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For years it was assumed that renters were simply less civic-minded. But low tenant turnout may be due to something far easier to overcome: the cumbersome registration process.

 

With time running out in some states to register to vote in the presidential election, see if you know which of the following questions is more crucial for renters:

A) Will you take the time to vote on Nov. 6?

B) Are you registered to vote?

The answer is “B.” The distinction is particularly important for tenants, who have just as much of a stake in election outcomes as do homeowners. (Even if Tea Party Nation founder Judson Phillips said in 2010 that the nation’s founders were on to a good idea in allowing only property owners to vote, “because if you’re a property owner you actually have a vested stake in the community.”)

For years, the massive population of tenants — one-third of Americans and climbing — has turned out at a markedly lower rate than homeowners. In the 2008 presidential election, for example, 52% of renters voted, compared with 68% of homeowners, a sizable gap that, if closed, could turn elections. A back-of-the-envelope calculation using census figures shows that if tenants voted at the same rate as homeowners, an additional 11.2 million tenants would cast ballots in the upcoming November election.

For years, the reason for low tenant turnout has been chalked up to demographic factors, such as lifestyle or income — really just a polite way of saying, “Renters don’t care.” That’s because the demographics of tenants tend to mirror the demographics of those with low voter-turnout rates:

Lower income: The median income of tenants is about half the median income of homeowners, according to the National Low Income Housing Coalition. Low-income citizens register and vote at lower rates. In 2008, according to census data, 80% of people with incomes of more than $100,000 were registered and 73% voted; only 64% of those with incomes of less than $20,000 were registered and 52% voted.

Less education: People with less education are less likely to own a home, and voting trends again correlate. In 2008, only 50.5% of eligible voters with less than a high-school diploma had registered to vote, compared with 64.1% of those with a high-school diploma and 81.2% of those with a four-year college degree, according to census data.

Younger: The 2008 election saw near-record youth turnout, which was credited with helping to secure victory for President Barack Obama. Even so, among 18- to 29-year-olds, only 51% of eligible voters went to the polls, compared with 69% of those between the 45 and 64.

More mobile: Tenants are far more likely to move than homeowners. Because of that, theorists have surmised, they are less likely to put down roots and become civically engaged.

Oops, I completely forgot to register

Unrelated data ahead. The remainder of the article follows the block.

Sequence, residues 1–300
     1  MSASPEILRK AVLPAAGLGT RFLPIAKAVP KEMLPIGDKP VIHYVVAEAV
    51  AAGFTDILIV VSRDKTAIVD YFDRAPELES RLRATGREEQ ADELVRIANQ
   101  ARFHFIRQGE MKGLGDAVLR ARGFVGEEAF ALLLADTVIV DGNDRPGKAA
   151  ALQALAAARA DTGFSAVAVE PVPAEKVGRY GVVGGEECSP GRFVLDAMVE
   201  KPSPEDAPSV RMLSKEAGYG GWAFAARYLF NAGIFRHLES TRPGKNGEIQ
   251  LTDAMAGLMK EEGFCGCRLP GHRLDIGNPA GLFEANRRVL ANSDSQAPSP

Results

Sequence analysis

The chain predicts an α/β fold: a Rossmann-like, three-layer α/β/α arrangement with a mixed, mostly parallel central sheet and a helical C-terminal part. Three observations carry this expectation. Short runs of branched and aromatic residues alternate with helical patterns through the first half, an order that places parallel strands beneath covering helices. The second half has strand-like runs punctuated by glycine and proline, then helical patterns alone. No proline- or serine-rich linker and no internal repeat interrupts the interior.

But evidence is mounting that it is the last point — the fact that people move — that is key, and that past assumptions about why tenants don’t vote may be incorrect.

Political scientists who have been re-evaluating reams of voting data have found that whether a tenant votes is less about political will and more about the cumbersome and at times elusive process of registering.

Think about it: The last time you moved, which tenants obviously do far more frequently than homeowners, at exactly what point in the unpacking process did you jump and say: “I’ve got to go re-register to vote at my new address!”

“Registration itself is really the red tape and the stumbling block right now,” says Liz Kennedy, a counsel with Demos, a public policy research group that advances voter rights. “There are so many different jurisdictions that administer elections that a lot of this can be perhaps somewhat tricky to navigate.”

It isn’t until an election draws near that many people even remember that they need to re-register at their new address. Then it’s up to them to find out how, where and by when. Recent, tighter voter ID laws present further complications, while threatening to disenfranchise millions of elderly, minority and low-income citizens.

There’s still time to register to vote
Meanwhile, voters may hear or read little about legal protections afforded citizens, including those designed to help people who have recently moved.

For example, under the National Voting Rights Act, if you did not move out of your jurisdiction (for example, New York City is in one jurisdiction), you are allowed to cast your ballot at your old polling place.Furthermore, many states allow anyone who has moved within the state to vote at the new polling place, even if that person hasn’t yet registered to vote at his new address. A voter can update his address on the day of the election. Many states allow voters to register online.

Those laws alone affect millions of tenants. Within the past year, almost 20 million voting-age adults moved in this country. Of those, two-thirds moved within their county and 84% moved within their state.

“So all is not lost when people move, and they should certainly not think, ‘Oh, gee, now I can’t vote at all.’ They should instead call their Board of Elections,” Kennedy said.

States determine their own voter-registration deadlines. The earliest are 30 days before the election, or Oct. 7 for the upcoming presidential election. Eleven states, including swing states Iowa and New Hampshire, and the District of Columbia allow voters to register up to and including Election Day. North Dakota has no registration requirements.